With that in mind, we return to Elvira Arellano, who until 2002 had been living quietly in America, trying to avoid deportation. After she was arrested, Arellano made a pivotal decision: she took refuge in Humboldt Park’s Adalberto United Methodist Church in 2006 on the date of her immigration hearing. She lived there for more than a year, eventually being deported while traveling to speak at a Los Angeles church. Her son remained at his home in the US, while Arellano continued to advocate tirelessly from Mexico. In March 2014, she presented herself to US Border Patrol officials at the San Diego border to request asylum.


Protest at the Federal Building, 230 South Dearborn Street, over shooting of undocumented Mexican immigrant, Chicago, November 10, 1972. ST-14002237-0004, Chicago Sun-Times collection, CHM

Arellano’s story quickly began to gain national attention; as a powerful mother figure fighting to be with her American son, she was the perfect face of a new Sanctuary Movement. And it worked. Legal change at all levels of government followed during this time, including in Cook County, which passed an ordinance refusing to fill federal detainer requests for those suspected of being in America without a visa. However, the national buzz around Arellano’s story created a narrowly defined narrative of undocumented individuals in America that tied their right to stay in the country with the fact that they grew up here or had a child who did.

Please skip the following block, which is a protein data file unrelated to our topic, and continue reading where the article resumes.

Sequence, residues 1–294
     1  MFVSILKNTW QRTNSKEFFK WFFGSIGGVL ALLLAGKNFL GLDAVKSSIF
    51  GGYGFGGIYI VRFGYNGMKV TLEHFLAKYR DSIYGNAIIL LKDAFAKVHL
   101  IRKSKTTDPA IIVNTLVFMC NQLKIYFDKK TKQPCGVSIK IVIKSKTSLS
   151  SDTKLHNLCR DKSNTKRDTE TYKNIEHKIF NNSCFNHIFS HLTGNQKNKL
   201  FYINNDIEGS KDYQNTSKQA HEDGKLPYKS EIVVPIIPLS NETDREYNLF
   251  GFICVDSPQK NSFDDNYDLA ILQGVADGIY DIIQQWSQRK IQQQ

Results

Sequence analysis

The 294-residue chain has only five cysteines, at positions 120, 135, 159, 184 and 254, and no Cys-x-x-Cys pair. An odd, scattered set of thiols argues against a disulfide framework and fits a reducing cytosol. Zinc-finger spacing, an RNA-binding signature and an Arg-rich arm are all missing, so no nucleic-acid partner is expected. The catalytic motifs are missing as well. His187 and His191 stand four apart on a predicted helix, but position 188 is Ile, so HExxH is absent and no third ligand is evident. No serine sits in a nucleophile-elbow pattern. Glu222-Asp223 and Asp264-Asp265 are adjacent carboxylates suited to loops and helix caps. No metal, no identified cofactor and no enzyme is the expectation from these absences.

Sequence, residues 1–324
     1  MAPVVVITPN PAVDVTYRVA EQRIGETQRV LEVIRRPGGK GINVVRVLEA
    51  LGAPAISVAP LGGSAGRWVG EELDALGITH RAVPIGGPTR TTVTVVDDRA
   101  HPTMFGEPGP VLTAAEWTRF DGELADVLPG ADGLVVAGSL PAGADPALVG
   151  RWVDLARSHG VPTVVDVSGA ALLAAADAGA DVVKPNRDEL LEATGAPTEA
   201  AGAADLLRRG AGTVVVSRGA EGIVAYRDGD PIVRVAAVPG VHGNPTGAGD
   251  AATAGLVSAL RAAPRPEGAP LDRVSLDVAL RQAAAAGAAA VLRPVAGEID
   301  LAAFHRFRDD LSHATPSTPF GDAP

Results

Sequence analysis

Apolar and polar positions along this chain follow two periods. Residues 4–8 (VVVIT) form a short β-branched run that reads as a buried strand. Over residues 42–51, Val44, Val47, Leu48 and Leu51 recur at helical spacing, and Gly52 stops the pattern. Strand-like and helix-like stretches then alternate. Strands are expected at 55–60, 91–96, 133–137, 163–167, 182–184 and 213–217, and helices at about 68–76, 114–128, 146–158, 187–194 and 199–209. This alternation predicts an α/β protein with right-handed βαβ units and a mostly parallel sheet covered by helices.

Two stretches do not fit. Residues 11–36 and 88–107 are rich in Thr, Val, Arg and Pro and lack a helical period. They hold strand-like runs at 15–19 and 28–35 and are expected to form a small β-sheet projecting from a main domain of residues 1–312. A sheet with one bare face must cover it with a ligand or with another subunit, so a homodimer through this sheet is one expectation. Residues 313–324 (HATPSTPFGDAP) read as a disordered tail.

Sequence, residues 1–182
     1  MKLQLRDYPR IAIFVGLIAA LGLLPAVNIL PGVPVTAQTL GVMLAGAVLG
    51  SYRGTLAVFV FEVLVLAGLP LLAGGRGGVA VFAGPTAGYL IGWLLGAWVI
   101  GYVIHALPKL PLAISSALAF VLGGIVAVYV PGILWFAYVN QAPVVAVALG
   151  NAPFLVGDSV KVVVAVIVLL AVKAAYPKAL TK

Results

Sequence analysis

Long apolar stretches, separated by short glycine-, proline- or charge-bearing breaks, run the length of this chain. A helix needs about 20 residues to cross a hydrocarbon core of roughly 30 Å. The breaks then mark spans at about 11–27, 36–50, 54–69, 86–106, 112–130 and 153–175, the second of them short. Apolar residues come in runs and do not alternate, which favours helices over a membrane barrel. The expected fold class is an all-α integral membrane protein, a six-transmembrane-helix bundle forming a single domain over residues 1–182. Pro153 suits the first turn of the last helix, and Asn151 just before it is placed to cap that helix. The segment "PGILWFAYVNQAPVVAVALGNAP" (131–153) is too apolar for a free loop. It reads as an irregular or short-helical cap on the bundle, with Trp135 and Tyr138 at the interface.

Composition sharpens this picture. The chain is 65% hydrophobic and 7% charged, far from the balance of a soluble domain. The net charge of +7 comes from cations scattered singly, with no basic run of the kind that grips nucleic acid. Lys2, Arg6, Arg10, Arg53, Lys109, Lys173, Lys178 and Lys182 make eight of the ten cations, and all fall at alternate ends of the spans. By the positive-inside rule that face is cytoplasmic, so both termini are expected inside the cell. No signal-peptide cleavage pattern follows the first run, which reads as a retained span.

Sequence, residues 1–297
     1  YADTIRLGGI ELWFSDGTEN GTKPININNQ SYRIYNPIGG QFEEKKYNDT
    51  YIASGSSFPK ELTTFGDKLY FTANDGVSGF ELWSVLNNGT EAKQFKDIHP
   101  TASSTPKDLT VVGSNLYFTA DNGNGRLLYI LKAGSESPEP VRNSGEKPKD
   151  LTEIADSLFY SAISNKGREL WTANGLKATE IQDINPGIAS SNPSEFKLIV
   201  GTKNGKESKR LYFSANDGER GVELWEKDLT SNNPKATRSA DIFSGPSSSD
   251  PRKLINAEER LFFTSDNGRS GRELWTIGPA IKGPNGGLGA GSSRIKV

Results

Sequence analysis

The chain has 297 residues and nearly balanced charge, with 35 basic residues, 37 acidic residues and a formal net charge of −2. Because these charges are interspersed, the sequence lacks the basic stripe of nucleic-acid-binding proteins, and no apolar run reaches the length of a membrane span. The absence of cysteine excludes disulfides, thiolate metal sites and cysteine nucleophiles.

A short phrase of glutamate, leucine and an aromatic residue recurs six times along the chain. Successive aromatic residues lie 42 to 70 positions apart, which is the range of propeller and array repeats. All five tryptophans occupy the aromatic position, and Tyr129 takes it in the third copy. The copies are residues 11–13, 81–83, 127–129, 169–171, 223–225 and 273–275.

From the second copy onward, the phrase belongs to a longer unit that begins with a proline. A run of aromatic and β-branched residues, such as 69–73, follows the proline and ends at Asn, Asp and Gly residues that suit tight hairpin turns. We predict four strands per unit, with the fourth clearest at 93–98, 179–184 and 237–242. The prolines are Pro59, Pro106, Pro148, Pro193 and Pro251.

For instance, the Obama administration’s Deferred Action for Childhood Arrivals policy allows undocumented individuals who came to the US as children to apply for deportation deferrals every two years. While the executive order benefited thousands of Chicagoans, Arellano herself argued that it didn’t go nearly far enough, only providing temporary relief for a very select group of people.

After the sustained efforts of a diverse coalition of Chicagoans, Chicago today is has one of the most comprehensive legal systems in place to support undocumented immigrants. The city’s population fought to preserve their deeply-held values of sanctuary even under pushback from Illinois governor Bruce Rauner, and Chicago’s lawsuit against the Department of Justice in 2017 is what has ensured that sanctuary cities all over the country are legally entitled to federal funding.

Yet, Chicago’s stories also remind us that sympathetic legislation does not mean the work for asylum seeker and undocumented individuals is done.